In the first meeting after the deal, Brooks told his players, "We're not taking a step back." But everywhere else they heard otherwise. "My cousin texted me, 'I'm a Heat fan now, but I still hope you make it to the Finals,' " Durant recalls. "That's my family! That's my cousin!" He shakes his head at a small but lingering act of betrayal. "A lot of friends from home were talking about other teams, and I thought they were on our side. I don't want to be angry or bitter, but it started to build up, and I took it out on my teammates." Previously, if power forward Serge Ibaka blew a box-out, Durant would tell him, "It's O.K. You're going to get it next time." But the stakes had risen. "You want to get to the Finals again, and you think everything should be perfect, and it's not," Durant says. "So I'd scream at him and pump my fist."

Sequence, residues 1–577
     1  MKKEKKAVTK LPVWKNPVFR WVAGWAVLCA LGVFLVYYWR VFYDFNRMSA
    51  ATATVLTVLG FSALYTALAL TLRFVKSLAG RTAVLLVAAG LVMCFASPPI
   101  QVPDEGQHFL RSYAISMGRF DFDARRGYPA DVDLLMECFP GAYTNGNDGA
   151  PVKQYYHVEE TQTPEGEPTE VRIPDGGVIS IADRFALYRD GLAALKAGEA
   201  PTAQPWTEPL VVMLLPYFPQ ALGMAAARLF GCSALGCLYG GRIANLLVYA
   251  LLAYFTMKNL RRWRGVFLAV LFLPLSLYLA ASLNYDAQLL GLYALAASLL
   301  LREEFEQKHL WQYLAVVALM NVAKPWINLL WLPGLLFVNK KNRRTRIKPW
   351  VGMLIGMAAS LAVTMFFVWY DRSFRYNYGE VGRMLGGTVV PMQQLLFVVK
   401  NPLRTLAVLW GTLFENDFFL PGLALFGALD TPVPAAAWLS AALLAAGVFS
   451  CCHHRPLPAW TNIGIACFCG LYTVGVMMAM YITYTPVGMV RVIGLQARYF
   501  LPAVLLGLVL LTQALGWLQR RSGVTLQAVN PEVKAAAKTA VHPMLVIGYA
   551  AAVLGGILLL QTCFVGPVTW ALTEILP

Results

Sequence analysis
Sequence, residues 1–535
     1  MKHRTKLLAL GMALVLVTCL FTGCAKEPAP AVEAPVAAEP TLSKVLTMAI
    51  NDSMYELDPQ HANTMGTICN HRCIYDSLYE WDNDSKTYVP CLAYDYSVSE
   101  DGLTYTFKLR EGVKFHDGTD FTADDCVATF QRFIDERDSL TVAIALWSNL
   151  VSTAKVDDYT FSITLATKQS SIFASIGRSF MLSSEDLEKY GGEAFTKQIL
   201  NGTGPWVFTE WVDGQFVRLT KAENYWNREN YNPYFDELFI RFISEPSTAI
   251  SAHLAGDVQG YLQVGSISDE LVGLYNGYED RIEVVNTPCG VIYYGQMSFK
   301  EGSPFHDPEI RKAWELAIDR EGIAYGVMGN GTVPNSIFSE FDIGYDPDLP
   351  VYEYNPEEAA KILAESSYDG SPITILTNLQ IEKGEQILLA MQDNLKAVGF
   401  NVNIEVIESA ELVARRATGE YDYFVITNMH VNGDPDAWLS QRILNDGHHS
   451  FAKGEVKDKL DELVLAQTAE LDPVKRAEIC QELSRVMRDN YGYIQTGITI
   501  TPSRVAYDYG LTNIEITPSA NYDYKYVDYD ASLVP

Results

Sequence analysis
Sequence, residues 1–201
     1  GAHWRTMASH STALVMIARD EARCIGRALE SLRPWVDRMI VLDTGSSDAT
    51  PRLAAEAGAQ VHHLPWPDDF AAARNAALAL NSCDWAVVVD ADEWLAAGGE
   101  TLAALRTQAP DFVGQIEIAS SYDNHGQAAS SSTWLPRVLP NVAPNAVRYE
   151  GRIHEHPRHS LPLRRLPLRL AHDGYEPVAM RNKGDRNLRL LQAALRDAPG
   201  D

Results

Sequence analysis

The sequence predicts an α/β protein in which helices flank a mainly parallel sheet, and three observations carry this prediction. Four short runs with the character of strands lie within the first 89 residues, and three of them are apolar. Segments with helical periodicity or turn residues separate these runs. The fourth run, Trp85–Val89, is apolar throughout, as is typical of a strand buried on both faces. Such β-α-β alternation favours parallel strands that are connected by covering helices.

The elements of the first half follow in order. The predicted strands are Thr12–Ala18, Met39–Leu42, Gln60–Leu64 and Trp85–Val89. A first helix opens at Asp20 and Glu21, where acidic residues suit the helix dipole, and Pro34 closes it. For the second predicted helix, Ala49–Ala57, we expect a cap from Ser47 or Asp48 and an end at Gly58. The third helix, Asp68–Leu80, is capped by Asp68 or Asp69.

Durant has picked up 12 technical fouls this season, more than twice as many as his previous career high, and he was ejected for the first time, in January, after arguing with referee Danny Crawford. "I'm rubbing off on him," says Thunder center Kendrick Perkins, who keeps a standing 2 a.m. phone call with Durant every night to discuss the state of the team. "He's getting a little edge on." The techs dovetailed neatly with Nike's "KD is Not Nice" marketing campaign, but they still don't fit the recipient. Even after the ejection, Durant stopped to high-five kids sitting over the tunnel. "People get it confused and think you have to be a jerk to win," he says. "But we all feed off positive energy. I'm a nice guy. I enjoy making people happy and brightening their day. If someone asks me for an autograph on the street, I don't want to wave him off and tell him, 'Hell, no.' That's not me. The last few months I've calmed down and had more fun. We can still get on each other, but there's another way."